16. 16. Ethics in Governance Ethical Framework after conviction for crimes may be an insufficient safeguard. There are candidates who face Related Laws (Amendment) Act, 2003, following various reports mentioned in para 2.1.3.1.4 grave criminal charges like murder, abduction, rape and dacoity, unrelated to political will be strengthened if this is made mandatory under law. The Election Commission has agitations. In such cases, there is need for a fair reconciliation between the candidate’s right reiterated this proposal. This needs to be acted upon early. The audited accounts should be to contest and the community’s right to good representation. As a rule, it would be rash and available for information of the public. undemocratic to disqualify candidates on some pretext or other. An election outcome must be decided by the people who are the ultimate sovereigns through the ballot box. Election 2.1.4 Coalition and Ethics by indiscriminate disqualification is a stratagem sometimes resorted to by dictatorships to 2.1.4.1 The phenomenon of coalition politics has emerged as a strong presence in the Indian pervert the democratic process. However, in the present situation, on balance, in cases of polity in recent years. The very diversity and complexity of the Indian electorate and our persons facing grave criminal charges framed by a trial court after a preliminary enquiry, vibrant democracy has made this a familiar aspect of our electoral process. Coalitions are disallowing them to represent the people in legislatures until they are cleared of charges often necessitated by the fact that, in a multiparty system such as ours, it is difficult today seems to be a fair and prudent course. But care must by exercised to ensure that no political for a single party to obtain a clear majority in the Legislature. In order to make coalitions vendetta is involved in such charges and people facing charges related to political agitations legitimate, it is necessary for the coalition partners to reach an understanding based on are not victimized. The draft Ordinance of July 2002 relating to disclosure of candidate broad-based programmes to ensure that the goals of socio-economic development are met. details following a Supreme Court judgment provided for disqualification of candidates Such an understanding needs to be translated into a common minimum programme and facing charges related to grave and heinous offences. The heinous offences listed were murder, announced either prior to the election or before the formation of the coalition government. abduction, rape, dacoity, waging war against India, organised crime and narcotics offences. 2.1.4.2 The ethics of coalition government is, however, seriously strained when the coalition It also seems reasonable to disqualify persons facing corruption charges, provided the charges partners change partnerships mid-stream and new coalitions are formed, primarily driven have been framed by a judge/magistrate after prima facie evidence. The Election Commission4 by opportunism and craving for power in utter disregard of the common minimum has suggested that as a precaution against motivated cases, it may be provided that only programme agreed to for the realization of the goal of socio-economic development. The cases filed six months before an election would lead to such disqualification. common programme, which has been explicitly mandated by the electorate prior to the 2.1.3.3.2 Recommendation: election, or implicitly after the election but before the formation of the government, becomes non-existent, and the power given by the people is abused. To maintain the will of the a. Section 8 of the Representation of the People Act, 1951 needs to be people, it is necessary to lay down an ethical framework to ensure that such exercises in amended to disqualify all persons facing charges related to grave and opportunism, through redrawing of coalitions between elections, do not take place. heinous offences and corruption, with the modification suggested by the Election Commission. 2.1.4.3 Recommendation: 2.1.3.4 False Declarations: a. The Constitution should be amended to ensure that if one or more parties 2.1.3.4.1 The Election Commission has recommended that all false declarations before the in a coalition with a common programme mandated by the electorate Returning Officer, Electoral Officer, Chief Electoral Officer or the Election Commission either explicitly before the elections or implicitly while forming the should be made an electoral offence under Section 31 of the Representation of the People government, realign midstream with one or more parties outside the Act (now restricted to statements relating to preparation/revision, inclusion/exclusion in coalition, then Members of that party or parties shall have to seek a fresh electoral rolls). The proposed amendment will act as an effective deterrent against false mandate from the electorate. statements. 2.1.5 Appointment of the Chief Election Commissioner/Commissioners 2.1.3.5 Publication of Accounts by Political Parties: 2.1.5.1 The present procedure of appointment of the Chief Election Commissioner and 2.1.3.5.1 Political parties have a responsibility to maintain proper accounts of their income other Election Commissioners, is laid down in Article 324 of the Constitution and stipulates and expenditure and get them audited annually. The steps taken in the Election and Other that they are to be appointed by the President on the advice of the Prime Minister.14 15 4 Source: “Proposed Electoral Reforms”. Election Commission of India, 2004. www.eci.gov.in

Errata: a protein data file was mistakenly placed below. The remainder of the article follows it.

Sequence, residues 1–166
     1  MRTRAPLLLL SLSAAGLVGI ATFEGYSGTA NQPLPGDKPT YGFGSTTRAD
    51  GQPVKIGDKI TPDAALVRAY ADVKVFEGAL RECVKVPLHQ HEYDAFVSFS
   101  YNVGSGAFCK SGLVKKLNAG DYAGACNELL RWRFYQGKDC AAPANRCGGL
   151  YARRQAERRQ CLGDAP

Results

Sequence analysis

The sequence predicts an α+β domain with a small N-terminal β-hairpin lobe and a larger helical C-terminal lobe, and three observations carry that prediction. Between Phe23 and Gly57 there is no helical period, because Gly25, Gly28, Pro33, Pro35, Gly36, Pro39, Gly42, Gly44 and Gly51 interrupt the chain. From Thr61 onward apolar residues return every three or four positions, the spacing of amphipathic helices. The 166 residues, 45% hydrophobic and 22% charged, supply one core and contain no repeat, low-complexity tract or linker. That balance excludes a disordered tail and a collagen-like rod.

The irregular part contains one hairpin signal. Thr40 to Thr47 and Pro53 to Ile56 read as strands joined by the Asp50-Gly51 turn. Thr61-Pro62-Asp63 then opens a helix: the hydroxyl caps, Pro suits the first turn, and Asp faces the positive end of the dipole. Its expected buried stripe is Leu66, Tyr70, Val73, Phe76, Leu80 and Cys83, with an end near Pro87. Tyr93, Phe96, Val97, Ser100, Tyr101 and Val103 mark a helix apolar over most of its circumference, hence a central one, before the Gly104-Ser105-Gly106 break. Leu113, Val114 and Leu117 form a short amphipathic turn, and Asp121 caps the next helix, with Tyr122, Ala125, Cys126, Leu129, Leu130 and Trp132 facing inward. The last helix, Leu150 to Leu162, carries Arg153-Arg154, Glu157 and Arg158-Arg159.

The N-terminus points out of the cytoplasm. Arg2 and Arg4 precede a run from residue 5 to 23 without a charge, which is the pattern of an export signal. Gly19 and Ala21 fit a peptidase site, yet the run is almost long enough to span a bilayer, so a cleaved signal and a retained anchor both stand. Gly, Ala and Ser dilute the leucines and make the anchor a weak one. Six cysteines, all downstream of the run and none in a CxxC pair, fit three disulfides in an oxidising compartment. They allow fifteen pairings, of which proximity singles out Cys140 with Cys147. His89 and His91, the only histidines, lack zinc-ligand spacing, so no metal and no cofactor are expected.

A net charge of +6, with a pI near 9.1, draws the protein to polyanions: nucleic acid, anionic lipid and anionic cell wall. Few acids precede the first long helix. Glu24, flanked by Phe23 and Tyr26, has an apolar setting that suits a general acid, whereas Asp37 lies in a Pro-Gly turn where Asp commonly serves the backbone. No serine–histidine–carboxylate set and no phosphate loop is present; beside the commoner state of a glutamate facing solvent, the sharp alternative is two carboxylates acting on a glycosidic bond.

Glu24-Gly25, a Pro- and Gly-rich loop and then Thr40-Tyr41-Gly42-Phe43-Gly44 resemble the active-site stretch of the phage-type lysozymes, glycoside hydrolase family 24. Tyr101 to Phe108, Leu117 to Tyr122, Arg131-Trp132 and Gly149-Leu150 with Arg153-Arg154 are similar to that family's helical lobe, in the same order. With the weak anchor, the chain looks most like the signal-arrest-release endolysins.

17. 17. Ethics in Governance Ethical Framework 2.1.5.2 During debates in the Constituent Assembly on the procedure for appointment, up Special Tribunals as provided for under Article 323B of the Constitution. While doing there were suggestions that the person appointed as the Chief Election Commissioner should so, it would have to be specifically ensured that the decisions of such tribunals are final with enjoy the confidence of all parties and therefore his appointment should be confirmed by a appeal jurisdiction being restricted to the Supreme Court alone as already provided in the 2/3 majority of both the Houses. Thus even at that stage, there was a view that the procedure Constitution. Such Tribunals may have two members, one a Judge of the High Court, and for appointment should be a broad based one, above all partisan considerations. In recent the other, an administrative member. In case of difference of opinion between the two, the times, for statutory bodies such as the National Human Rights Commission (NHRC) and matter may be referred to the High Court. the Central Vigilance Commission (CVC), appointment of Chairperson and Members are made on the recommendations of a broad based Committee. Thus, for the appointment of 2.1.6.3 Recommendation: the Chief Vigilance Commissioner, the Committee consists of the Prime Minister, the Home a. Special Election Tribunals should be constituted at the regional level under Minister and the Leader of the Opposition in the Lok Sabha, whereas for the NHRC, the Article 323B of the Constitution to ensure speedy disposal of election Committee is chaired by the Prime Minister and has as its members, the Speaker of the Lok petitions and disputes within a stipulated period of six months. Each Sabha, the Home Minister, the Leader of the Opposition in the Lok Sabha, the Leader of the Tribunal should comprise a High Court Judge and a senior civil servant Opposition in the Rajya Sabha and the Deputy Chairman of the Rajya Sabha. with at least 5 years of experience in the conduct of elections (not below 2.1.5.3 Given the far reaching importance and critical role of the Election Commission in the rank of an Additional Secretary to Government of India/Principal the working of our democracy, it would certainly be appropriate if a similar collegium is Secretary of a State Government). Its mandate should be to ensure that constituted for selection of the Chief Election Commissioner and the Election all election petitions are decided within a period of six months as provided Commissioners. by law. The Tribunals should normally be set up for a term of one year only, extendable for a period of 6 months in exceptional circumstances. 2.1.5.4 Recommendation: 2.1.7 Grounds of Disqualification for Membership a. A collegium headed by the Prime Minister with the Speaker of the Lok 2.1.7.1 Article 102 of the Constitution provides for disqualification for membership of either Sabha, the Leader of Opposition in the Lok Sabha, the Law Minister and House of Parliament under certain specific circumstances, which are as follows:- the Deputy Chairman of the Rajya Sabha as members should make (1) A person shall be disqualified for being chosen as, and for being, a member of either House recommendations for the consideration of the President for appointment of Parliament - of the Chief Election Commissioner and the Election Commissioners. (a) if he holds any office of profit under the Government of India or the Government of 2.1.6 Expediting Disposal of Election Petitions any State, other than an office declared by Parliament by law not to disqualify its 2.1.6.1 Election petitions in India are at present to be filed in the High Court. Under the holder; Representation of the People Act, such petitions should be disposed of within a period of (b) if he is of unsound mind and stands so declared by a competent court; 6 months. In actual practice however, such petitions remain pending for years and in the meanwhile, even the full term of the House expires thus rendering the election petition (c) if he is an undischarged insolvent; infructuous. There have been suggestions from other high level committees and eminent (d) if he is not a citizen of India, or has Box 2.2: Corruption and Hypocrisy persons that a separate judicial set-up may be required. The National Commission to voluntarily acquired the citizenship Corruption and hypocrisy ought not to be inevitable products of democracy, as they Review the Working of the Constitution (NCRWC) recommended that special election of a foreign State, or is under any undoubtedly are today. benches should be constituted in the High Courts earmarked exclusively for the disposal of acknowledgement of allegiance or Mahatma Gandhi election petitions. adherence to a foreign State; 2.1.6.2 The Commission is of the view that given the huge existing case load in the High (e) if he is so disqualified by or under any law made by Parliament. Courts, it would be possible to ensure speedy disposal of election petitions only by setting Explanation - For the purpose of this clause a person shall not be deemed to hold an16 17